Things are not good. Just four days after Britain took its biggest post-war decision, a vote to leave the European Union, the country is indeed at breaking point – perhaps Nigel Farage was right. The consequences of Brexit were always going to be massive. The Remainers feared them and us Leavers were wary of them, but are least our new de facto leaders had a plan.

Or so we thought.

As of 28 June 2016, there is no plan to take the United Kingdom out of the EU. Article 50 of the Lisbon Treaty, which would begin a two-year process to extricate the country, is yet to be invoked, despite David Cameron saying it would be immediately if a Leave vote was returned. After all, why should he “do the hard shit”? No reason, except for that bit where you said you would, Dave.

We are witness to an ill-prepared Vote Leave, who are suffering a pyrrhic victory, and a government digging its heels in to delay or deny the will of the British people. Westminster’s bigwigs evidently do not approve of the peasants’ revolt which has taken place. Tottenham MP and anti-democrat, Labour’s David Lammy, has already made the risible pledge to “stop this madness” and ignore the referendum result. Some much-needed comedic relief, at least.

Meanwhile, the rightfully forgotten Liberal Democrats (ha!) have confirmed that they will stand on a platform to flip the 52 percent off and keep Britain in the EU should they be in government – they won’t, but this is 2016 and nothing can be ruled out completely. Okay, perhaps this can. However, these two moves did neatly clarify that our issue with authoritarians does not begin and end in Brussels.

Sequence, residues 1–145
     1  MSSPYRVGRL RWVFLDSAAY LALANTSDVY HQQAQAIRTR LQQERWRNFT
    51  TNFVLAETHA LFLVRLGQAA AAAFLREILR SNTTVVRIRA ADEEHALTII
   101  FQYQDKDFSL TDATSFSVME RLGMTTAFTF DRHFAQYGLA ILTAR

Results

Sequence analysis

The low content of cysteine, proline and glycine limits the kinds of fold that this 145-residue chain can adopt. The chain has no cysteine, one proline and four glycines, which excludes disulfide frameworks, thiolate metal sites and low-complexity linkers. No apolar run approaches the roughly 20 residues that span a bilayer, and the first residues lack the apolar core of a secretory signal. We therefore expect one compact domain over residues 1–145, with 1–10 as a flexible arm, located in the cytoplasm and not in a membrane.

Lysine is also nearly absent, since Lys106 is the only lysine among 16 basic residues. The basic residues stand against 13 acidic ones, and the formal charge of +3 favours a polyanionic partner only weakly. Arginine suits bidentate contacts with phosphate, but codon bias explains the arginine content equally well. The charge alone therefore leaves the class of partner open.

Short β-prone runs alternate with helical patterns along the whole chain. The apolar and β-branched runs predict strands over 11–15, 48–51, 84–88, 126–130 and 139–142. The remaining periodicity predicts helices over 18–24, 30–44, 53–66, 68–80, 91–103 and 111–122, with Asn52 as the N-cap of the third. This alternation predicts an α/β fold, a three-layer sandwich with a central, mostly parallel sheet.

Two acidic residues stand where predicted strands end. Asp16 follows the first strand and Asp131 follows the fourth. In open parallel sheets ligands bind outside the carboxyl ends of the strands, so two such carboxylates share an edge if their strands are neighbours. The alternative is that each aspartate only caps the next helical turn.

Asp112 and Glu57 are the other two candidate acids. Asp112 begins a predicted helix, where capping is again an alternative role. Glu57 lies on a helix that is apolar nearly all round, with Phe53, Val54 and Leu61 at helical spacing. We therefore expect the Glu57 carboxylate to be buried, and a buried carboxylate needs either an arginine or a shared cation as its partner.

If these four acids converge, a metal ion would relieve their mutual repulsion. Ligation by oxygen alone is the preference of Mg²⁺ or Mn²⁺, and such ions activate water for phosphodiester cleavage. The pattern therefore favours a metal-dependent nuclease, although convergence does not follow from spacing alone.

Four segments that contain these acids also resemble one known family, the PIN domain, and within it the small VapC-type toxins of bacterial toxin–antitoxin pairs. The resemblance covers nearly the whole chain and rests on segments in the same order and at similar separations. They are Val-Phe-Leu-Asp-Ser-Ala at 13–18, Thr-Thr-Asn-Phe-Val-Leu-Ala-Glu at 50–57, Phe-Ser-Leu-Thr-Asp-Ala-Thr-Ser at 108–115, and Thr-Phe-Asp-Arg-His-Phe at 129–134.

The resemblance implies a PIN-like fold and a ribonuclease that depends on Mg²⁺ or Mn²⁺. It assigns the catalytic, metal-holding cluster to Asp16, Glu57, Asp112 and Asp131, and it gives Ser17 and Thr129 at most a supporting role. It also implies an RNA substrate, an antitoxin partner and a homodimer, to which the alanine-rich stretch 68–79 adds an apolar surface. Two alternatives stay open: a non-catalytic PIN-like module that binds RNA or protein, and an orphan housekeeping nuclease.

“But we have a parliamentary democracy! The referendum was only advisory!” cry the diminishing yet pesky Remainers in denial. That’s very true, parliament is under no legal obligation to follow through with the plebiscite. But it is also true that parliament should be representative of the electorate. It is now apparent that with 479 out of 650 MPs publicly voicing their support for remaining within the EU, that parliament is out of touch with the public on the biggest constitutional issue the country faces. For that reason alone, an imminent general election is required, with current and prospective MPs displaying their EU stance. But not before Article 50 – the slippery establishment cannot be allowed off the hook it’s taken decades to get them on.

Until the already notorious Article 50 is triggered, nothing happens. The UK remains a fully paid up member of a union which wants us out pronto. Once started, the process is irreversible, hence the delay. The official word is to strengthen Britain’s negotiations with the EU, but the murmurs from grandees of a second referendum, and the declared intention of some to ignore the nation’s choice means the electorate must be extra vigilant.

We are now seeing exactly why allowing the Conservatives to control both sides of the debate was a serious mistake. However much these careerists-turned-statesmen told you they cared, ultimately, party was always going to become before country. As far as they are concerned, finding a new leader and grabbing a stronger hold of the House of Commons is their priority – an easy task thanks to Labour’s implosion.